Downsides of Hydroponic Farming

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Hydroponic farming is often portrayed as the biggest development in modern agriculture. It is quite vital, allowing many new farmers to enter the market in ways not previously possible.

However, as is the case with most things, it’s not without its downsides. As a potential investor in farming, it’s important to be aware of the unique issues posed by hydroponic practises. It’s a fascinating and perfectly profitable method, but it’s important to be prepared.

Up-Front Costs

The systems required to begin hydroponic farming are rather expensive. This can drive away many small farmers. Farmers tend to invest in their land as well, but there are easier, more affordable methods to lease land as opposed to acquiring the infrastructure for hydroponic farming.

Supervision

Hydroponic systems require a fair bit of supervision, far more than compared to traditional farming procedures. This means more employees and more labour. High costs can result, as salaries are associated with additional insurance and tax expenses.

Mistakes Are More Consequential

On traditional farms, soil can often mitigate mistakes made in your farming approach. The soil will soak in excess fertiliser, pesticides, and nutrients. With a hydroponic farm, however, there is no soil to save you. Mistakes you make can have a direct, damaging effect on your crops.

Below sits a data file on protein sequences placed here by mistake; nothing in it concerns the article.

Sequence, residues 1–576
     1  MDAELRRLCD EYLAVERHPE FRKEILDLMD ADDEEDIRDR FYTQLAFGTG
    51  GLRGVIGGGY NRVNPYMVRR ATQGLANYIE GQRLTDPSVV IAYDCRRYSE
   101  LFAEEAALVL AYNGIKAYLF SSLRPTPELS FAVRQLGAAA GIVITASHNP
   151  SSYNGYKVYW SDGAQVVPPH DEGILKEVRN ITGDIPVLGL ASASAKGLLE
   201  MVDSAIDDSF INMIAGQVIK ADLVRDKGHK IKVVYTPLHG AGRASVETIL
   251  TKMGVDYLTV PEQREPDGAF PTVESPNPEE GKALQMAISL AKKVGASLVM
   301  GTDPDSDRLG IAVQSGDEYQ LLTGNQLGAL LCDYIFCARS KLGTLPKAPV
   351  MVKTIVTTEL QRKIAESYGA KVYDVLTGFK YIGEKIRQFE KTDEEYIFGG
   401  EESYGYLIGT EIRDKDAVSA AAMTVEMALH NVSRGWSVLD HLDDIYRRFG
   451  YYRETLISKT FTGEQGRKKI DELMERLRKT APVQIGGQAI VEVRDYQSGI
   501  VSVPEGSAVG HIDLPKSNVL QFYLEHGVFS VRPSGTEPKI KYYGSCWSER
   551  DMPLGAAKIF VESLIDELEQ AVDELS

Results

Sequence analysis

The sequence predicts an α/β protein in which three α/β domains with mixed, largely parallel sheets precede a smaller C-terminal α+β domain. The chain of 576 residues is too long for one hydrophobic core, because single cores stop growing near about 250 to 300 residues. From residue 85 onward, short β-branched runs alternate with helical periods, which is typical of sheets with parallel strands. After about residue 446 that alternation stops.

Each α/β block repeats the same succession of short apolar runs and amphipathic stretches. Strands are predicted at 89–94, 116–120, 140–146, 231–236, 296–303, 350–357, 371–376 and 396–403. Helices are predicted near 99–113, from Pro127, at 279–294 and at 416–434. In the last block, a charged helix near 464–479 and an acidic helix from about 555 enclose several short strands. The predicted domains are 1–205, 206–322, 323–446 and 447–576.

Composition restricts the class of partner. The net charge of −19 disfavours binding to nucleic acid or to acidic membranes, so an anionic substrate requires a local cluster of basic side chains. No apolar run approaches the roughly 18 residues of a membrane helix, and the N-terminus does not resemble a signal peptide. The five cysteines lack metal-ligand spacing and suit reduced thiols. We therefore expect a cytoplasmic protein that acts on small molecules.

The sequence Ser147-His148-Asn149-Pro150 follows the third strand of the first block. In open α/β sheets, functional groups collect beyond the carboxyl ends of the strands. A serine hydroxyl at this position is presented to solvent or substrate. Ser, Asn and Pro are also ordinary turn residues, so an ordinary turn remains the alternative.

Power Outages

Power outages rarely effect traditional farms. You can continue operations even in the face of power issues or weather emergencies. On hydroponic farms, however, you rely heavily on power supply to operate your system of pipes.

This means that work will have to stop altogether in the event of a power failure, unless you wish to take on additional expenses by having a generator on standby. Sometimes, these costs can be too much for a new business to handle.

Water

Traditional farmers still rely on water to hydrate their crops, but in hydroponic farming, you must pay closer attention to your plants and the nutrients they receive. Hydroponic farming requires cleaner water: a challenge in areas of the south where drought has become quite an issue. Farmers must consider water to be a limited resource: one they should protect.

Disease

Many diseases can attack plant life, and most are transmitted through water. The effects can spread quickly, damaging your yields. Naturally, the risk of water-borne disease is heightened in hydroponic farming. Hydroponic farmers are often forced to invest more into insurance policies that can protect them in the case of such an event.

Conclusion

Hydroponic farming is an innovative procedure, highly praised for its benefits. Still, its risks are worth noting. New farmers particularly should familiarise themselves with the process.

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